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AIBU to think that pets are a luxury?

(137 Posts)
E320 Sun 31-Mar-13 14:57:13

prompted by a post on another board.
Do people also factor their cost (food, vet's bills, insurance etc.) into the monthly budget or even the weekly shopping (food)?

float62 Sun 31-Mar-13 15:30:04

Yes Sparkling I do agree with you, but mostly that would be describing extreme situations I think, where people may have general probs with budgeting their money (for a variety of reasons), too many animals or don't have the right conditions to keep the type of animals they have. I hold my hands up to being an animal lover myself, so I'm biased, but they do bring so many people so much pleasure. Our dog is one of us, we love him and he loves us, priceless.

crazynanna Sun 31-Mar-13 15:30:42

Inclusive of food,litter,insurance and immunisations, my cat costs me no more than £10 per week...cost of a bottle of wine. Value for money...certainly!

VisualiseAHorse Sun 31-Mar-13 15:31:34

Our dog costs us about £30 a month (insurance and food).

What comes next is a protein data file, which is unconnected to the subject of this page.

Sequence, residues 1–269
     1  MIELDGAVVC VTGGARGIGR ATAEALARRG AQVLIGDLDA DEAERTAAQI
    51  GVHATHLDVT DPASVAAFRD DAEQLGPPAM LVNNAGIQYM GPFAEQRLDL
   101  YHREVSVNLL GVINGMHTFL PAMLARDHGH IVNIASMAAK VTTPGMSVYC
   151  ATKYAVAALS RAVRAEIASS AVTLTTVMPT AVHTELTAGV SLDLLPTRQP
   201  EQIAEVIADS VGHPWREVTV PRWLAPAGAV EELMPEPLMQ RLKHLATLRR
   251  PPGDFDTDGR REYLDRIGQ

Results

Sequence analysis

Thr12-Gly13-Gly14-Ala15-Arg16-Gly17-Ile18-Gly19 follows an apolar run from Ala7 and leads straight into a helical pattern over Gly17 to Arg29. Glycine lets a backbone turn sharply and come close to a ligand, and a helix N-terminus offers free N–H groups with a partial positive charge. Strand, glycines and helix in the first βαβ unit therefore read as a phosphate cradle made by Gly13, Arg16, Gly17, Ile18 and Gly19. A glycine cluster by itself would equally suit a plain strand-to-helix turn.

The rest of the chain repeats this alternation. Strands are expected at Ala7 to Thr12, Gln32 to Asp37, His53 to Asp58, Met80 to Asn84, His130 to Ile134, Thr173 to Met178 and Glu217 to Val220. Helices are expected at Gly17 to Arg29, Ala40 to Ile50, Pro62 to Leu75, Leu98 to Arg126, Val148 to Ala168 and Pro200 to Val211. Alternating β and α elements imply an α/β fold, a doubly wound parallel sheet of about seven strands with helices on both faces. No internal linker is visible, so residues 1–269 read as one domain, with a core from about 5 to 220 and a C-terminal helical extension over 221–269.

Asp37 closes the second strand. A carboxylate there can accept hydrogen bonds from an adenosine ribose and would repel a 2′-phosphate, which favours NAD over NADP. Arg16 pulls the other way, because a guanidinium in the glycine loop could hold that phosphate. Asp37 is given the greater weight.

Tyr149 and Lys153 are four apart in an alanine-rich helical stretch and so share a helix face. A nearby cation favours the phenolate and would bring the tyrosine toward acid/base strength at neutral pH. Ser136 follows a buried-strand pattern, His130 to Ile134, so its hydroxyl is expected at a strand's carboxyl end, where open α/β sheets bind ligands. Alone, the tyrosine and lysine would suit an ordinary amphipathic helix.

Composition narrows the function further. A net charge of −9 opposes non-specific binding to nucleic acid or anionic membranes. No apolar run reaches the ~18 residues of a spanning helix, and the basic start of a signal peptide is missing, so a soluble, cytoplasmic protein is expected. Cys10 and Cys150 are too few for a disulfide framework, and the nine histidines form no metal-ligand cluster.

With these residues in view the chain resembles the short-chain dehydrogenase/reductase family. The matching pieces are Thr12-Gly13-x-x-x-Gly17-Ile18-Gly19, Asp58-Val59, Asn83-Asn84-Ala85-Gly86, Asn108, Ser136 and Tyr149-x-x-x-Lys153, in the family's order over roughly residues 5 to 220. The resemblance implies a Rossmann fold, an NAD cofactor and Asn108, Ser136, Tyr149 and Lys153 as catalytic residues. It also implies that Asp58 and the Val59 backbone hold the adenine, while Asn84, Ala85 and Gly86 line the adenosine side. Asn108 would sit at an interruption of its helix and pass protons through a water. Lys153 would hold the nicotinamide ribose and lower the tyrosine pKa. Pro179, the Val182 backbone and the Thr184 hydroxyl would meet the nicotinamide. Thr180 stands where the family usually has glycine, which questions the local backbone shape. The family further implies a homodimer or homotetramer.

Granted, we could do with a spare £30 a month at the moment, but I would find it very hard to give her up. She is a big part of our family - she is a rescue dog and still very timid and shy. She's a great burglar alarm though!

toboldlygo Sun 31-Mar-13 15:31:47

Goldfish are very expensive if cared for properly - they require very large volumes of water and high rate filtration systems. The cruelty involved in small tanks and bowls is unbelievable.

I spend a lot of money on my dogs because they are also my hobby - we compete in sled dog racing and dog agility - but their basic costs are not massive. Insurance, raw food, vaccinations etc. for two medium sized dogs is less than £100 a month and budgeted for. They replace other luxuries like clothes, holidays, dining out etc.

Admittedly the horses are expensive but there's still a huge variation there - anything from a pony living out in a shared field compared to a competition horse on full working livery at a top facility. We don't have a horsebox or anything, just happy hackers, and their day to day costs aren't huge. Again, we choose to prioritise this over other things and live in a rented hovel so we can afford it.

Sparklingbrook Sun 31-Mar-13 15:32:52

Yes, I couldn't imagine being without Sparkling Cat float. I definitely think cats pets enhance peoples lives and are good for the DC.